And lefening rivers mourn their fountains dry:

* Milton. f Arima virorun.

* This hunting ended in the promotion both of Will and Bob. Bob was no longer first minister, but Earl of Orford; ard Will was no longer his opponent, but Earl of Bath, H.

ON

His ancient pipe, in fable dy'd,
Ε Ρ Ι Τ Α Ρ Η And half upimok’d, lay by his [de.

Him thus accoutred Peter found,

With eyes in smoke and weeping drownd; FREDERICK DUKE OF SCHOMBERG*. The leavings of his lat night's pot

On embers plac'd, to drink it hot.
Hiç infra situm eft corpus

Why, Casly, thou wilt doze thy pate; FREDERICI DUCIS DE SCHOMBERG,

What makes thee lie a-bed so late?

The finch, the linnet, and the thrush, ad BUDINDAM occifi, A, D, 1690,

Their mattins chant in every buth : DECANUS et CAPITULUM maximopere etiam And I have heard thee oft salute atque etiam petierunt,

Aurora with thy early fute,

Heaven send thou haft not got the hyrs! Ut #REDES DUCIS monumentum

How ! not a word come from thy lips? In memoriam PARENTIS erigendum curarent : Then gave him some familiar thumps;

A college-joke, to cure the dumps. Sed postquain per epistolas, per amicos,

The Twain at laft, with grief oppreit, diu ac fæpè orando nil profecère; Cry'd, Cælia! thrice, and figh'd the reit. Hunc demuin lapidem ipsi statụerunt,

Dear Cassy, though to ask I dread,

Yet ask I muft. 18 Calia dead? + Saltem ut fcias, hofpes,

How happy I, were that the worit ! Ubinam terrarum SCONBERGENSES cinercs But I was fated to be curft. delitefcunt,

Come, tell us, has the play'd the wbore?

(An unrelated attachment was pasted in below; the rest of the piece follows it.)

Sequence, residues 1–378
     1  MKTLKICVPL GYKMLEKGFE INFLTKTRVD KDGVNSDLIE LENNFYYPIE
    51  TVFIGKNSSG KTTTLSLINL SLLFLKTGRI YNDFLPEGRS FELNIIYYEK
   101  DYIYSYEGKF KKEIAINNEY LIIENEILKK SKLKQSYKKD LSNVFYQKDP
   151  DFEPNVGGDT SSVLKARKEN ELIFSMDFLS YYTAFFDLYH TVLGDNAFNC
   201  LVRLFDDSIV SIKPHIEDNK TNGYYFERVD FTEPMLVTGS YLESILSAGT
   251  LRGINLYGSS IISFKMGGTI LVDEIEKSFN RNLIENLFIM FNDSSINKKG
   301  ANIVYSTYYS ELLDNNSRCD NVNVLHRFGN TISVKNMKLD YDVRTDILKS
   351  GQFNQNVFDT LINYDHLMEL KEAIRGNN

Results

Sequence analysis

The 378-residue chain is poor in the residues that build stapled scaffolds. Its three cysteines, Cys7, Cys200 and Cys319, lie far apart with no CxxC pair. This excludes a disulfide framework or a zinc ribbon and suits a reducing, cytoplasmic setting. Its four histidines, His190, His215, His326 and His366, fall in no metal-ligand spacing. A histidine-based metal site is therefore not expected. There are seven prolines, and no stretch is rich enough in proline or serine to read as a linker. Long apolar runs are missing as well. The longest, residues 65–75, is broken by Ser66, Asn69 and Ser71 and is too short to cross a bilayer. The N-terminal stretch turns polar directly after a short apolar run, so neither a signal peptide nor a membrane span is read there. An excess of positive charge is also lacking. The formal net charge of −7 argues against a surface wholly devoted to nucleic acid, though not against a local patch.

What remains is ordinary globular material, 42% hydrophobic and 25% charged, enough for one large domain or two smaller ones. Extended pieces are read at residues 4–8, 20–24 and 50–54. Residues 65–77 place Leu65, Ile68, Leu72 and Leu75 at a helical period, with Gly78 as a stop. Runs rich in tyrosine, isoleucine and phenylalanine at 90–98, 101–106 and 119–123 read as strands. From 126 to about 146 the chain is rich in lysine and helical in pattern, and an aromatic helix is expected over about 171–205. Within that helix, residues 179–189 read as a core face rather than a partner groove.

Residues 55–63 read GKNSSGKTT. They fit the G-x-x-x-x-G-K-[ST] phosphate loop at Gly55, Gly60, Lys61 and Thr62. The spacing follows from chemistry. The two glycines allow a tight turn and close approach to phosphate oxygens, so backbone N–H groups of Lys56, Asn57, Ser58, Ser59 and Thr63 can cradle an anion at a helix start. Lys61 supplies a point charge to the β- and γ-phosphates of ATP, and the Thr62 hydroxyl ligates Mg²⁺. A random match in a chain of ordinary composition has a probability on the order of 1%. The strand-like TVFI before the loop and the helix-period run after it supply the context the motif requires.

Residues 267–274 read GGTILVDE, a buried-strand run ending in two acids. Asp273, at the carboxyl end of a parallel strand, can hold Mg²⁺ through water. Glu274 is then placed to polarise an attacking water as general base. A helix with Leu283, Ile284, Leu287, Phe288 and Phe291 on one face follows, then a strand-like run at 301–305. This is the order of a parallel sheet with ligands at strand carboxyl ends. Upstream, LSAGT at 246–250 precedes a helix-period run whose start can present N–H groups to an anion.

Oh, Peter, would it were no more! « Plus potuit fama virtutis apud alienos, Why, plague confound her fandy locks! " Quam sanguinis proximitas apud fuos." Say, has the small or greater pox A, D. 1731.

Sunk down her nose, or seam'd her face?

Be eafy, 'tis a common case.
CASSINUS AND PETER. Oh, Peter! beauty's but a varnish,

Which time and accidents will tarnila:
A TRAGICAL ELEGY. 1731.

But Cælia has contriv'd to blaft TWO college fophs of Cambridge growth,

Those beauties that might ever last.

Nor can imagination guess, Conferring, as they usd to meet,

Nor eloquence divine express, On love, and books, in rapture sweet

How that ungrateful charining maid (Muse, find me names to fit my metre,

My pureit passion has betray d, (affinus this, and other Peter);

Conceive the most enpenom'd dart Friend Peter to Caliinus goes,

To pierce an injur'd lover's heart. To chat a while, and warm his nose ;

Why, hang her; though she seems to cop, But such a fight was never seen,

I know the loves the barber's boy. The lad lay lwallow'd up in spleen.

Friend Peter, this I could excuse;

For every nymph has leave to choose ; He seem'd as just crept out of bed;

Nor have I reason to complain,
One greasy licking round his head,

She loves a more deserving (wain,
The other be sat down to dearn
With threads of different-colourd yarn;

But, oh! liow ill haft thou divin'd

A crime that shocks all human-kind;
His breeches torn exposing wide
A ragged Mirt and tawny bide.

A deed unknown to female race,
Scorch'd were bis hins, his legs were barc,

At which the fun should hide his face !

Advice in vain you would applyBut well en brown'd witli dirt and hair.

Then leave me to despair and die. A rug was o'er his shoulders thrown

Ye kind Arcadians, on my urn (A rug; for night-gown he had none),

These elegies and fonnets burn;
His jordan Itond in manner ftting
Between his legs to {pew or fpit in ;

And on the marble grave these rhymes,
A monument to after-times;

“ Here Caffy lies, by Calia siain, * The duke was unhappily killed, in crossing the

« And dyirg never told his pain.” river Boyre, July 1, 1690; and was buried in The loud Cerberian triple bark.

Vain empty world, farewell. But hark; St. Patrick's Cathedral; where the dean and chapter And there behold Alecto ftand, erected a small monument to his hencur, at their own

A whip of scorpions in her hand. experće. * The words that D. swift for concluded the Beckoning to waft me o'er the ferry.

Lo, Charon from his leaky wherry efiraph with, were Saltem ut fciat viator iedig- I come, 'come, Medusa! fee, nabundus, quali in cellula tanti dæcloris cineres Her ferpents buss direct at me, delitefcunt."

« ПредишнаНапред »